135. Song No. 1,959: “Cold Night,” Yeasayer
Amen & Goodbye, 2016
So. The perils of enjoying a song for how it sounds rather than the story its lyrics tell, eh?
For the longest time, Yeasayer was mostly “Ambling Alp” to me, which includes one of the best lyrics it took me about two months to finally register. Which, uh, does a mighty fine job setting the stage for my shoddy lyrical awareness. (How ya doin’, I’m a professional word-nerd.)
But, like, with an intro edging into vaguely surf-rock terrain, I feel like it’s an easy mistake to assume this is gonna be a song as utterly danceable as its music suggests. Who honestly expects licks this funky to give way to lyrics that fucking start with a gut-punch like “It’s been one year since you turned yourself back into dust”?
It’s a song about suicide so of course it only escalates from there, but it does that thing almost any medium tackling suicide defaults to and makes it all about the survivors. Obviously, someone who completed suicide has written themselves out of the story, but there’s almost always a reason as well as a pain eclipsing that of those left behind to divide a burden amongst themselves, and these things deserve to be spoken of because they’re never exclusive to one person’s story and need to be part of what comes next for the people and messages forging ahead. There are lessons to learn, perspectives to consider, chronically all-consuming pains to respect, but they’re not about making sense of one person’s decision so much as they are about understanding why anyone concludes it’s their only way to find peace. (I got so incensed about how we talk about suicide a few years ago that I dashed off a Letter to the Editor about it to one of my former papers, in case there was any shred of ambiguity to how I feel about this.)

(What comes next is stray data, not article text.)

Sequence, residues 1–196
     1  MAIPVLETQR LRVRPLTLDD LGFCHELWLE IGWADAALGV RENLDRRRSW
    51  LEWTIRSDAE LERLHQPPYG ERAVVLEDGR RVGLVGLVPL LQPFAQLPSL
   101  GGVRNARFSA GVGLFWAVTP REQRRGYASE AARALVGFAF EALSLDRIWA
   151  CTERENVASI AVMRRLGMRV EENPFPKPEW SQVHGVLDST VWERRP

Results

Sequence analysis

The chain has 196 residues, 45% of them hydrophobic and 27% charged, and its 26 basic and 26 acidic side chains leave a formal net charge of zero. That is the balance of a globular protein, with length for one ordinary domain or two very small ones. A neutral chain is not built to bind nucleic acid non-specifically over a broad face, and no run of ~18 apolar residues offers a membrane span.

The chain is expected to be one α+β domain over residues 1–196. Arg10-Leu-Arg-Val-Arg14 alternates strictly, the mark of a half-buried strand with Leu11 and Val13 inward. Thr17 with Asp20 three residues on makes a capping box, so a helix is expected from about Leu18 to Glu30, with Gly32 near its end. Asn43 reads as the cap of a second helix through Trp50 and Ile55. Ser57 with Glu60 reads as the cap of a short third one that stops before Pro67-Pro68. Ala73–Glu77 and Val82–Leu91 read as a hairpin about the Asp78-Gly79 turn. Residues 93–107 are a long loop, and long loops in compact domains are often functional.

We wail about the selfishness of suicide, which I completely understand even if I don’t agree with it. Processing grief is a messy, intensely personal and personalized experience that takes the human psyche to some terrible places and gutting lows, and more people naturally relate to survivor’s guilt than the struggle driving someone to end their own life. To me, though, making one person’s pain about other people feels uncomfortably parasitic and possessive.
Like, yeah, it fucks up those left to wonder how they could stayed their loved one’s hand or talked them into at least waiting to meet their niece before they left but loss, no matter how earth-shatteringly tragic, is a necessary part of life we all have to navigate whereas carrying more pain than one person should be expected to bear for the sake of others isn’t.
Because it’s not about finding something sacred to hold onto or convincing someone who’s been hurting for as long as they can remember to stick around or reducing a death to one conversation that never happened or one night that did. There are never enough reasons to stay if someone just wants to escape the dominant, unyielding pain of existence. It’s not artistic or noble or inspiring to persevere when your body and brain are a prison and a life sentence in equal measures. And what strikes me as selfish is asking someone to ignore their own pain because you don’t want to know it, either.
But if any band was going to address suicide not with a dirge but a tune to make you feel like dancing, it had to be the experimental, psychedelic-rock-infused forces behind Yeasayer, a band whose self-supplied description of “Sgt. Pepper meets Hieronymous Bosch meets Dali meets Pee-Wee’s Playhouse” applies to a helluva lot more than a video shoot and some album art.
There’s plenty of overtly mournful songs about suicide out there and this one turns that concept on its ear to deliver something uniquely, unmistakably Yeasayer’s, which is to say it plays with conventions while proving that understatement isn’t the only solid way to underscore tragedy when crafting a dichotomy of expectations is also a neat little trick to whip out from one’s storytelling toolkit. Loss, no matter how it happens or how inevitable it is, still hurts like hell when it happens, and every goodbye isn’t just an obituary and a statistic: It’s forever losing a loved one who occupied a place in the world so singularly theirs that nothing can fill that void. But nothing is meant to anyway, because it’s not our place to sidestep the grief process and profane a memory by trying to replace someone whose not yours to claim in the first place because love is not a possessive hold on a body but a mutual cultivation between two souls.